Encyclopedia of Clinical Neuropsychology

2018 Edition
| Editors: Jeffrey S. Kreutzer, John DeLuca, Bruce Caplan

Heterotopic Ossification

  • Beth RushEmail author
Reference work entry
DOI: https://doi.org/10.1007/978-3-319-57111-9_244

Synonyms

HO

Definition

Heterotopic ossification (HO) is a formation of lamellar bone in soft tissues following brain or spinal injury (Hendricks et al. 2007). HO usually involves the large joints of the body such as the hip, elbow, shoulders, and knees. In cases of traumatic brain injury, one of the most common sites is the hip. In cases of spinal injury, HO always occurs below the level of injury. Research has not clearly identified the causes of HO (Genet et al. 2011). Some have suggested that connective tissue cells change their characteristics into bone-forming cells as some type of inflammatory reaction to injury. Individuals with other bone-forming disorders such as ankylosing spondylitis, Paget disease, and idiopathic skeletal hyperostosis are at the risk for HO following traumatic brain or spinal cord injury (Almangour et al. 2016).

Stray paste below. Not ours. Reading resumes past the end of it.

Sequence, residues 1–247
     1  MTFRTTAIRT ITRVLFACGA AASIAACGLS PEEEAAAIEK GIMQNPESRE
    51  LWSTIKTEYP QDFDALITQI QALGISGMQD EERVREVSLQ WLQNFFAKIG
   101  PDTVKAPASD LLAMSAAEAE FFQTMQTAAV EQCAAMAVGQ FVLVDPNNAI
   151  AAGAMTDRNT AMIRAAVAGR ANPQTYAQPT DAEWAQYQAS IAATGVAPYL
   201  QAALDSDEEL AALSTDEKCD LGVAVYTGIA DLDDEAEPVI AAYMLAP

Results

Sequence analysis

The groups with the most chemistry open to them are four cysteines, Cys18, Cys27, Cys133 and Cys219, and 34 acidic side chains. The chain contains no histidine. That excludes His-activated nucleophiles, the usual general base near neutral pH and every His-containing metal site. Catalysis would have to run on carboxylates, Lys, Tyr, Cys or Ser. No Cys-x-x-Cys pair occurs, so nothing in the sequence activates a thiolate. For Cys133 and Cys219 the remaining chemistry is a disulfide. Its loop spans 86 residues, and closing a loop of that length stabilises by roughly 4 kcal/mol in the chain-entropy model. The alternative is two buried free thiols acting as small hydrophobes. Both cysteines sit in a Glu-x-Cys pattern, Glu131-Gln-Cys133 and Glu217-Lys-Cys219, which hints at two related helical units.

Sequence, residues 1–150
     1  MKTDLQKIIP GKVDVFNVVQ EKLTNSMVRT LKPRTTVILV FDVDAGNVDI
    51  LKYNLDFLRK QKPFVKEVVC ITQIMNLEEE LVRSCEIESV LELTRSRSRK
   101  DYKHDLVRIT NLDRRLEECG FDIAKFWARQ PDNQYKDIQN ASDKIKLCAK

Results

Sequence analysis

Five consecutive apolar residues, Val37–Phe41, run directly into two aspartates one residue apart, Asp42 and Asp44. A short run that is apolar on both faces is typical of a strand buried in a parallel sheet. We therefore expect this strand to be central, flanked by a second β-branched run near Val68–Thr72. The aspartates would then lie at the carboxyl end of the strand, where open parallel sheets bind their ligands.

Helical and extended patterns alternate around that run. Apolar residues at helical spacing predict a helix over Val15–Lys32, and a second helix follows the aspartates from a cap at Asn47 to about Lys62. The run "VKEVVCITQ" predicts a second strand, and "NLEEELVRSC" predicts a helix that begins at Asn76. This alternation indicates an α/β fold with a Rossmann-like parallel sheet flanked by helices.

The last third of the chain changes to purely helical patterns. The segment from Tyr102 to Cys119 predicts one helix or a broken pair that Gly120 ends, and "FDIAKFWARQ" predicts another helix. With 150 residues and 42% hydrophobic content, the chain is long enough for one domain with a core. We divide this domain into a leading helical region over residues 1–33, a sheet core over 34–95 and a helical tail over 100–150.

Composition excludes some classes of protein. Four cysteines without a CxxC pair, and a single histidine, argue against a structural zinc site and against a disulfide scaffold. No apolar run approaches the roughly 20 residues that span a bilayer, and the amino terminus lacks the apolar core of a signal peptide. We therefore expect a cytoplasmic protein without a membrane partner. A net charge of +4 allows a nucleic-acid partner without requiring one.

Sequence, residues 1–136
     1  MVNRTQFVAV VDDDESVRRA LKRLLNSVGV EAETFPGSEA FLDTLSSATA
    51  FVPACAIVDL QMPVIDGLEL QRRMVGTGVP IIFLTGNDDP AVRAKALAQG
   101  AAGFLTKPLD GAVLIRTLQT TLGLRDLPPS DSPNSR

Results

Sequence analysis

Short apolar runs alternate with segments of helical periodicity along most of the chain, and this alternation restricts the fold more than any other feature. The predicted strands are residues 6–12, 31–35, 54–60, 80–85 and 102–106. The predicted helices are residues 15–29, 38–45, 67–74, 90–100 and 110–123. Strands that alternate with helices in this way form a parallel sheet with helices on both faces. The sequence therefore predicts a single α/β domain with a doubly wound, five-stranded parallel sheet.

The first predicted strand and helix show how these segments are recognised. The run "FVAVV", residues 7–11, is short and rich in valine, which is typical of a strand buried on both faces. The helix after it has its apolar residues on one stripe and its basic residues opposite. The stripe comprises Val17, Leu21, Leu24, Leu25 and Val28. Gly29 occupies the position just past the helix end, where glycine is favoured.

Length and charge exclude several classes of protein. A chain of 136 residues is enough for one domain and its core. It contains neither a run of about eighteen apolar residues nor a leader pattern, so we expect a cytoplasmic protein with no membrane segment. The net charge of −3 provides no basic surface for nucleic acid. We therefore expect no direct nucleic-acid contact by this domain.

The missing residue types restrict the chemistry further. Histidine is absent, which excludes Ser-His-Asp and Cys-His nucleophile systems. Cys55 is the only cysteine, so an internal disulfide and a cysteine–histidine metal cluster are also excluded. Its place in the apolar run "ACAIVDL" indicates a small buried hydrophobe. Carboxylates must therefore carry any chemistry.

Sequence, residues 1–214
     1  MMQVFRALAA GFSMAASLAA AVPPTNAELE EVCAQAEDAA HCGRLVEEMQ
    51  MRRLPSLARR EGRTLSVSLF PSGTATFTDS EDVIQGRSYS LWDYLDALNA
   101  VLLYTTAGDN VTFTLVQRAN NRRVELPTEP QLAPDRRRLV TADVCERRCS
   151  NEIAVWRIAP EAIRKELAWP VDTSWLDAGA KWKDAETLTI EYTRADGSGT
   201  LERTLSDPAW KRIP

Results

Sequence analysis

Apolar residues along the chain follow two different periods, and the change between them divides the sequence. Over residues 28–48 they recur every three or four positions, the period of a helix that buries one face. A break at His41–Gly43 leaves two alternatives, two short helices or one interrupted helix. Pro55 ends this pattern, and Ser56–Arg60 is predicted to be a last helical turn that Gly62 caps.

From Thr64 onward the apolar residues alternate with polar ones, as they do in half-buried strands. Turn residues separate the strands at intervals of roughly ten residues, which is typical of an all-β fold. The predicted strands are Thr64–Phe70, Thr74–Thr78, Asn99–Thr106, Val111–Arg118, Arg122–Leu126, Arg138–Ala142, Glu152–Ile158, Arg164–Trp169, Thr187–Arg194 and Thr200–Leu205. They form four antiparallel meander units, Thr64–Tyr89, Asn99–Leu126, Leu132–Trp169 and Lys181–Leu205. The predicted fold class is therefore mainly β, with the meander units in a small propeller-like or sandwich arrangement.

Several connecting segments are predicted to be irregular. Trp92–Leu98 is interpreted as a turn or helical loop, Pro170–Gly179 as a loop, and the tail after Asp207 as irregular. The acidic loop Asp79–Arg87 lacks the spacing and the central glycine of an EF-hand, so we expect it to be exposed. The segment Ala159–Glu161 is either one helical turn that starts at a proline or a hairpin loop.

HO resultant from brain injury may not remit and can create considerable pain and disability for a brain injury patient (Cullen et al. 2007)....

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References

  1. Almangour, W., Schnitzler, A., Salga, M., Debaud, C., Denormandie, P., & Genet, F. (2016). Recurrence of heterotopic ossification after removal in patients with traumatic brain injury: A systematic review. Annals of Physical and Rehabilitative Medicine, 59, 263.CrossRefGoogle Scholar
  2. Cullen, N., Bayley, M., Bayona, N., Hilditch, M., & Aubut, J. (2007). Management of heterotopic ossification and venous thromboembolism following acquired brain injury. Brain Injury, 21, 215–230.PubMedCrossRefPubMedCentralGoogle Scholar
  3. Genet, F., Jourdan, C., Schnitzler, A., Lautridou, C., Guillernot, D., Judet, T., Poiraudeau, S., & Denormandie, P. (2011). Troublesome heterotopic ossification after central nervous system damage: A survey of 570 surgeries. PloS One, 6, e16632.PubMedPubMedCentralCrossRefGoogle Scholar
  4. Hendricks, H. T., Geurts, A. C., van Ginneken, B. C., Heeren, A. J., & Vos, P. E. (2007). Brain injury severity and autonomic dysregulation accurately predict heterotopic ossification in patients with traumatic brain injury. Clinical Rehabilitation, 21, 545–553.PubMedCrossRefPubMedCentralGoogle Scholar

Copyright information

© Springer International Publishing AG, part of Springer Nature 2018

Authors and Affiliations

  1. 1.Psychiatry and PsychologyMayo ClinicJacksonvilleUSA